Surveillance video shows Hugger hunched over the cell's stainless steel sink-and-toilet unit. He dips his towel and wash cloth under the faucet.
King stands behind him, wrapping toilet paper around his fist.
He strikes a surprise backhand to Hugger's head. Hugger turns quickly and tackles him. Both men crash onto Hugger's squat bedding pad, pressed against the concrete-block wall. King grabs his testicles and, as Hugger recalled for investigators, says, "I'm fixing to hurt you."
Hugger wrestles his way on top of King, pinning his legs together, and locks his arm around King's neck.
"Why'd you hit me?" he asks King. Williams and Allison don't move from their beds. Hugger yells, "Verdie, get on the door!"
By the time Piccininni breaks up the fight, 5 1/2 minutes after King's first punch, King has gone limp.
An autopsy later shows King was choked to death.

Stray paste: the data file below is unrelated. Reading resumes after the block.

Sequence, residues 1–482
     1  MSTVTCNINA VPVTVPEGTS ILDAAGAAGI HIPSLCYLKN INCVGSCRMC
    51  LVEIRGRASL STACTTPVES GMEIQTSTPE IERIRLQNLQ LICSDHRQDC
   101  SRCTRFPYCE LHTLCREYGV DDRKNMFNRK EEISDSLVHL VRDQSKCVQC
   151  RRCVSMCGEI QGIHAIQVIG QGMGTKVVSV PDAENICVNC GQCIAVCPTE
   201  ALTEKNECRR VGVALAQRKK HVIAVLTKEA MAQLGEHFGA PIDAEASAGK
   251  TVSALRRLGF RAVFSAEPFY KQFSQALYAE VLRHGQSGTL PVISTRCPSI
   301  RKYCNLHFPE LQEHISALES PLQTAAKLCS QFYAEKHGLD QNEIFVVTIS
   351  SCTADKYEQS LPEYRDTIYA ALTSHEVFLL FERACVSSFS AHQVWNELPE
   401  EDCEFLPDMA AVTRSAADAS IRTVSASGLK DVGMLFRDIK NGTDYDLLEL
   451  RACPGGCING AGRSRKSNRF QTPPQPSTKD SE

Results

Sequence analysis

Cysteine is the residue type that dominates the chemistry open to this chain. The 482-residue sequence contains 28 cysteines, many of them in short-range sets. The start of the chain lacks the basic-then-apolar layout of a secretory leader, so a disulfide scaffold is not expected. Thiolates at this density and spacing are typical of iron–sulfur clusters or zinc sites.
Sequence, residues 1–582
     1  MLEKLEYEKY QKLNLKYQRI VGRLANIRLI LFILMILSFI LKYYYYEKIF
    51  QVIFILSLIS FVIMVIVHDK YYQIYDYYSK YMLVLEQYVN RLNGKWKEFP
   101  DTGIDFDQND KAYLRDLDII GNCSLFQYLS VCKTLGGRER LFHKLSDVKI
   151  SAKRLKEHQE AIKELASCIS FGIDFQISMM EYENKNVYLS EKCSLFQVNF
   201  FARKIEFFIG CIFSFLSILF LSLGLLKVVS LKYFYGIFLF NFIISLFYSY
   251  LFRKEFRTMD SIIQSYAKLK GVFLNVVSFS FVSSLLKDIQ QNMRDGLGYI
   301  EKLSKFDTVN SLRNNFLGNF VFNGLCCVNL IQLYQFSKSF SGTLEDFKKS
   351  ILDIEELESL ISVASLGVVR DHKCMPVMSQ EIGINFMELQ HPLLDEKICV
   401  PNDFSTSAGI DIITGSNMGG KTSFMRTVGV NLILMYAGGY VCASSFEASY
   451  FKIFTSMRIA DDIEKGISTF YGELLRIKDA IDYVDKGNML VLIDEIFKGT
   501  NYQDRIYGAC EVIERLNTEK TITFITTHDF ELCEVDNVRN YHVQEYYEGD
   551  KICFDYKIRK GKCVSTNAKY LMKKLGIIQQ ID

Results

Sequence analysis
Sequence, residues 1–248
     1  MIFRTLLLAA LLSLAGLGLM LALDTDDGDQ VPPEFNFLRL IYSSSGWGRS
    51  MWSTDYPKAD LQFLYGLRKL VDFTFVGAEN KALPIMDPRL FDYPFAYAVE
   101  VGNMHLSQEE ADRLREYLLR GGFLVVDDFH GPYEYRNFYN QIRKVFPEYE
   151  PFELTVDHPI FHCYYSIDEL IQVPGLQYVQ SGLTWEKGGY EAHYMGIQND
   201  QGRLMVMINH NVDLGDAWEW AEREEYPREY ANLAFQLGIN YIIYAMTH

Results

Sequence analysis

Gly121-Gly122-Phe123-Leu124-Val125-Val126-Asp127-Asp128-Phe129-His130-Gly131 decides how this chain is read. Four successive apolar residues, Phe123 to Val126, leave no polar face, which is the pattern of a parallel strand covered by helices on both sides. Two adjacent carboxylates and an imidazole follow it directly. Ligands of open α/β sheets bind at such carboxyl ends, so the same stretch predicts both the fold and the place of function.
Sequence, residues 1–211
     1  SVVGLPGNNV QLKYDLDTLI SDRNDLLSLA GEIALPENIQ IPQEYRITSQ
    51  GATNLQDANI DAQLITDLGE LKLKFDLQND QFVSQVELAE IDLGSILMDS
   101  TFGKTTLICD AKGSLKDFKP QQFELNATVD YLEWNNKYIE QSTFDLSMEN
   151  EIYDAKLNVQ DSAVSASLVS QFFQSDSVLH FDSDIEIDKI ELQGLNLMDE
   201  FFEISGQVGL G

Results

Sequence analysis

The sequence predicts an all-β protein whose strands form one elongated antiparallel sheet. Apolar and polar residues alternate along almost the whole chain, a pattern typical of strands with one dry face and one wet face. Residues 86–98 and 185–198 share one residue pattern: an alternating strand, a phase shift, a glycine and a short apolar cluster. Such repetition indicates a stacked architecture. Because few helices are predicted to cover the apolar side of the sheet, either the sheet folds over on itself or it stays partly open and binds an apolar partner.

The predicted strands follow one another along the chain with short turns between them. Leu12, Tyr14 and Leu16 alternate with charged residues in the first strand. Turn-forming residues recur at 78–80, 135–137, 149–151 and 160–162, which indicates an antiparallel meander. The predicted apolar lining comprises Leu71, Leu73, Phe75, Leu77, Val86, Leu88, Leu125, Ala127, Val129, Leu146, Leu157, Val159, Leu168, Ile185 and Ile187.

In May, the State Attorney's Office declined to prosecute Hugger, calling the killing a "justified homicide," though State Attorney Bernie McCabe said the guards seemed slow to act.
Department of Corrections spokeswoman Jo Ellyn Rackleff said the guards followed protocol — calling for backup and removing other inmates before entering — to ensure their safety during a violent conflict. Other inmates asking for supplies during the nightly rounds, she said, may have added to the response time.
Both men were taken to the Union Correctional Institution in Raiford, where Hugger was transferred into solitary confinement and King was buried at the inmate cemetery.
"I never did fight back or nothing. All I did was just hold him," Hugger told investigators, before leaving Cell 3105 for good.
"Something like hurting a person or disrespecting a person, that's something I don't have in my mind or my thoughts. I done served almost my 20 years, and I got me two grandsons that wasn't even born when I came to prison. I'm trying to get my tail home to them."
Times researcher Natalie Watson contributed to this report. Contact Drew Harwell at dharwell@ sptimes.com or (727) 869-6244.